Mitchell Hamline students get experience with real clients with real legal problems starting in their first year of law school. The levels of responsibility, time investment, and specialization increase as they progress through their studies. Coursework includes skills training, simulations, and role-playing exercises allowing students to get feedback on your developing legal skills. Experiential learning programs include:
Clinics – Under the direct supervision of professors, students work in clinics to represent low-income clients. Clinic students are given primary responsibility for the representation or other lawyering experience (such as mediating cases). In addition to their casework, they meet weekly in a classroom component designed to provide them with the knowledge and skills needed to act in in the role as a lawyer. Most clinics require that students be eligible for certification under the student practice rule.
Externships – Students work across a range of practice areas and legal settings. Students in externships are primarily located in field placements approved by the law school and supervised both by Mitchell Hamline faculty and by attorneys in the field.
Residencies – Students in their final year can gain practical experience through immersive, semester-long work opportunities inside of law firms, businesses, state and county agencies, courthouses and other organizations. Residency students are expected to devote 30-40 hours per week at their placement site and to enroll in a companion classroom component or other academic component supervised by a Mitchell Hamline faculty member.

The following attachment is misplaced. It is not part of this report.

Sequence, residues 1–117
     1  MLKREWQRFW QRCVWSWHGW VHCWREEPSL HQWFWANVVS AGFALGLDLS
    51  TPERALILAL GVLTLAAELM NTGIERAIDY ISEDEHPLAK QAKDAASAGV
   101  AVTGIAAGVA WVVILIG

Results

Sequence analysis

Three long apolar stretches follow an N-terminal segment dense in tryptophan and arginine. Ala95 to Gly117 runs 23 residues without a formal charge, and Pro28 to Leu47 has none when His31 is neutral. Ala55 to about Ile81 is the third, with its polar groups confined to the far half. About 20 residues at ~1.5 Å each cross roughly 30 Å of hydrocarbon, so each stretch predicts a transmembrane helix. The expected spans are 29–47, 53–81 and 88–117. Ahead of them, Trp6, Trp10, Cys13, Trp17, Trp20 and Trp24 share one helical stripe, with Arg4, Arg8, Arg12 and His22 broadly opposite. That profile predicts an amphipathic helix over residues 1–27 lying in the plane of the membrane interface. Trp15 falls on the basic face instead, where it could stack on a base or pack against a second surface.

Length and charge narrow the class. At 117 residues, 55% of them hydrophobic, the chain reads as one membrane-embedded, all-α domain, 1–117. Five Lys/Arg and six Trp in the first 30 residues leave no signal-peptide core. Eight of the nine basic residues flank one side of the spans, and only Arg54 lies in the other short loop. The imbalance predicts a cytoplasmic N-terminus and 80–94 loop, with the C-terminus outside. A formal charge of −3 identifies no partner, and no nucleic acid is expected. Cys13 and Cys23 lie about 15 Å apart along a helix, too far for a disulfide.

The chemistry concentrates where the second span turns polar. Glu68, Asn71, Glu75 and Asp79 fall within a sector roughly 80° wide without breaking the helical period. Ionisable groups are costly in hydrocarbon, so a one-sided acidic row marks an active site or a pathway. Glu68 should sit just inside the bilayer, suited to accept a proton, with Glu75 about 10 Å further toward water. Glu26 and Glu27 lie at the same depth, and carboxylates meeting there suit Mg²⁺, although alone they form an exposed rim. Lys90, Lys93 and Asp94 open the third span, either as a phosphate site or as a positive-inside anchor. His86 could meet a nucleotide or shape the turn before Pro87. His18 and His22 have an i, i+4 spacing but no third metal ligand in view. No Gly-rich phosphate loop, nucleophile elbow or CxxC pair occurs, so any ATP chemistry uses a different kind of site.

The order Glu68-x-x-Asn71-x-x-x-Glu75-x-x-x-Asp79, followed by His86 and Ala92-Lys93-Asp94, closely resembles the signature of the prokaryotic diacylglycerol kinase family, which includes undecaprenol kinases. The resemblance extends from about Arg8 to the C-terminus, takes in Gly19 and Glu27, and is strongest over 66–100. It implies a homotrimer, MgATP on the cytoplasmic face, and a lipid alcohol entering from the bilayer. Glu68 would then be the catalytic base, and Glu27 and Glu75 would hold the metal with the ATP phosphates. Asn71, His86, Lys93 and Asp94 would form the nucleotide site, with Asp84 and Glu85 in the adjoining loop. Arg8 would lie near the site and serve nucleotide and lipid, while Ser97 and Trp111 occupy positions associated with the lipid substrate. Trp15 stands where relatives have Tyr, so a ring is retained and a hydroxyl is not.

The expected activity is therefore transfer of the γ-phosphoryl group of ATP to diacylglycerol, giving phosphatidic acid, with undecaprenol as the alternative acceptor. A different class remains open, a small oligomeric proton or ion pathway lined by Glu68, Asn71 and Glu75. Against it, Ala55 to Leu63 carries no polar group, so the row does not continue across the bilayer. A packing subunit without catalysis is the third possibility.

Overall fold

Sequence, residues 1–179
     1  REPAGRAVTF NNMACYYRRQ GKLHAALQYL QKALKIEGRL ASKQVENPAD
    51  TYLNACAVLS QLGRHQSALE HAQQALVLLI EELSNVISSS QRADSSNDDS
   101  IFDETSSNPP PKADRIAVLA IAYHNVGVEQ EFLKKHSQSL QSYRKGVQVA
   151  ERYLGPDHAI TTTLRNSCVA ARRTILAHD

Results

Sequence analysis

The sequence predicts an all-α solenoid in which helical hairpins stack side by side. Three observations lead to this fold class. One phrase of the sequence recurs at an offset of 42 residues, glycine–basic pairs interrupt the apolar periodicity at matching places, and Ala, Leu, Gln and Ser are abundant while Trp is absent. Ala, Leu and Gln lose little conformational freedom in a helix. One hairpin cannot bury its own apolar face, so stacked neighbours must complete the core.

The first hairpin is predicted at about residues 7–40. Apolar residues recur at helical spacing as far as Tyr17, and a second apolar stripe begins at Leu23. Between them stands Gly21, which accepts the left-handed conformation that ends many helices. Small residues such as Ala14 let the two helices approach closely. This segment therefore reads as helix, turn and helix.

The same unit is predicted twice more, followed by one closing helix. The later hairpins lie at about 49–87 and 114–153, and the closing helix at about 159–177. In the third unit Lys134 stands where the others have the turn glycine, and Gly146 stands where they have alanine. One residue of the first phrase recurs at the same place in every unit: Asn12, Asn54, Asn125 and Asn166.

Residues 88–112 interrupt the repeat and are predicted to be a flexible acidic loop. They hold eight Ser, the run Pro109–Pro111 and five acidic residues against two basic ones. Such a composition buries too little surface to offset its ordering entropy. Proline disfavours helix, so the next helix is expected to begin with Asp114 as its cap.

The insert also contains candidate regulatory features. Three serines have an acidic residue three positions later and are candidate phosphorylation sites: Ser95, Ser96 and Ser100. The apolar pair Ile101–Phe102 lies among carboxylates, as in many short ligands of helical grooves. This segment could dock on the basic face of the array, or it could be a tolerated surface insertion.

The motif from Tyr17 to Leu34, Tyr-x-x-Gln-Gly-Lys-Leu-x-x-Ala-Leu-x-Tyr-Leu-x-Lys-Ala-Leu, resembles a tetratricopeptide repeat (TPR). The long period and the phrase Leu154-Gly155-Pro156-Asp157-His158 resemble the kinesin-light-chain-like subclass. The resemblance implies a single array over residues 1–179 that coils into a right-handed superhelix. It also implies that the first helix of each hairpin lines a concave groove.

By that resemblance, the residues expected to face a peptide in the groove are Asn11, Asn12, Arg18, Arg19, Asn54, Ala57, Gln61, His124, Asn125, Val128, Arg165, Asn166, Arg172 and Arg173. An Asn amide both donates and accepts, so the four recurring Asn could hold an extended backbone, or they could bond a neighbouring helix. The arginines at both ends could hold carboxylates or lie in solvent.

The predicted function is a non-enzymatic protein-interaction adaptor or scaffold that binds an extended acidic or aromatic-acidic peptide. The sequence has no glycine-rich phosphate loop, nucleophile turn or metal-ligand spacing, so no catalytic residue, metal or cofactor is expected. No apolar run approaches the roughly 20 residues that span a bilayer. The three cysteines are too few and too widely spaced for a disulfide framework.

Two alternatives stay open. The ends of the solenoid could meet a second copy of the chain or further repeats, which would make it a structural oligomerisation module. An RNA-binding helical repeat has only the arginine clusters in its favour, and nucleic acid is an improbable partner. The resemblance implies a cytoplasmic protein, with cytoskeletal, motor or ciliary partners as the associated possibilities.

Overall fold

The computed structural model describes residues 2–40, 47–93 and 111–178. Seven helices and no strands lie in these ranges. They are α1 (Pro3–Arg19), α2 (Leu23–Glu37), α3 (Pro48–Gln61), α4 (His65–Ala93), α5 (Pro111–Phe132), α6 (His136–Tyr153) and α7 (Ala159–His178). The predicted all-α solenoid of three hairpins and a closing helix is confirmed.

Simulation Courses – Legal practicum and advanced simulation courses immerse students in the areas of general practice and advocacy through innovative hands-on learning exercises pioneered by Mitchell faculty and staff. To provide a foundation for advocacy and problem-solving in litigation and transactional contexts, all students are required to take the Advocacy course and either Negotiation or Transactions & Settlements.
Legal Writing – Mitchell Hamline’s first year Legal Writing program is a foundational offering, required for all first-year students, intended to enable them to master fundamental client representations skills. Students meet in small groups to practice interviewing and counseling clients, writing memos and letters, researching the law, negotiating contracts and settlements, reasoning about a client’s situation in light of the law, settling cases, and arguing motions.
The Minnesota Justice Foundation (MJF) is committed to promoting social justice and improving legal services for those who have been under-represented by the legal profession. Through MJF, students—starting in their first year—have the opportunity to work with lawyers in a variety of legal advice settings or to complete research projects for lawyers who have taken clients and cases on a pro-bono basis.